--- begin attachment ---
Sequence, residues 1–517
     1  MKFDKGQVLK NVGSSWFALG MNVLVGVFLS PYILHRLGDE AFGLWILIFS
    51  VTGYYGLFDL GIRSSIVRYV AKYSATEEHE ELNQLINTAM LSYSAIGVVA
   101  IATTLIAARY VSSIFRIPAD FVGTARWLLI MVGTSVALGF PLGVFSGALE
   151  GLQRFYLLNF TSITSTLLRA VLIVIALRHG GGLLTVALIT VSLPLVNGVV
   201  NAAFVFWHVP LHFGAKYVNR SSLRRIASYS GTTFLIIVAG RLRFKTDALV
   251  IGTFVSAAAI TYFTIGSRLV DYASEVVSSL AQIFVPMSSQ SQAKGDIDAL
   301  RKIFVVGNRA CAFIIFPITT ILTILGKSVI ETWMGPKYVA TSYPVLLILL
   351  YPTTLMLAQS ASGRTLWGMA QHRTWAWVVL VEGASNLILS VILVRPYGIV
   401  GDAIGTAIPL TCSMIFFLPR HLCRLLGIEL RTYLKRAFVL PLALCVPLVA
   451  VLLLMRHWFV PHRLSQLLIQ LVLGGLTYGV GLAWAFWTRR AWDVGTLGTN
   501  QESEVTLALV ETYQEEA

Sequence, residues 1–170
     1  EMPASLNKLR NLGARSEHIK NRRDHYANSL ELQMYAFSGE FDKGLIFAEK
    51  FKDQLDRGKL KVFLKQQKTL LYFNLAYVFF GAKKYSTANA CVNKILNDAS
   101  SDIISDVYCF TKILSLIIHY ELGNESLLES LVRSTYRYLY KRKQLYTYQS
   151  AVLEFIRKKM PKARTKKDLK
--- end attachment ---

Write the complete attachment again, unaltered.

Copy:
Sequence, residues 1–517
     1  MKFDKGQVLK NVGSSWFALG MNVLVGVFLS PYILHRLGDE AFGLWILIFS
    51  VTGYYGLFDL GIRSSIVRYV AKYSATEEHE ELNQLINTAM LSYSAIGVVA
   101  IATTLIAARY VSSIFRIPAD FVGTARWLLI MVGTSVALGF PLGVFSGALE
   151  GLQRFYLLNF TSITSTLLRA VLIVIALRHG GGLLTVALIT VSLPLVNGVV
   201  NAAFVFWHVP LHFGAKYVNR SSLRRIASYS GTTFLIIVAG RLRFKTDALV
   251  IGTFVSAAAI TYFTIGSRLV DYASEVVSSL AQIFVPMSSQ SQAKGDIDAL
   301  RKIFVVGNRA CAFIIFPITT ILTILGKSVI ETWMGPKYVA TSYPVLLILL
   351  YPTTLMLAQS ASGRTLWGMA QHRTWAWVVL VEGASNLILS VILVRPYGIV
   401  GDAIGTAIPL TCSMIFFLPR HLCRLLGIEL RTYLKRAFVL PLALCVPLVA
   451  VLLLMRHWFV PHRLSQLLIQ LVLGGLTYGV GLAWAFWTRR AWDVGTLGTN
   501  QESEVTLALV ETYQEEA

Sequence, residues 1–170
     1  EMPASLNKLR NLGARSEHIK NRRDHYANSL ELQMYAFSGE FDKGLIFAEK
    51  FKDQLDRGKL KVFLKQQKTL LYFNLAYVFF GAKKYSTANA CVNKILNDAS
   101  SDIISDVYCF TKILSLIIHY ELGNESLLES LVRSTYRYLY KRKQLYTYQS
   151  AVLEFIRKKM PKARTKKDLK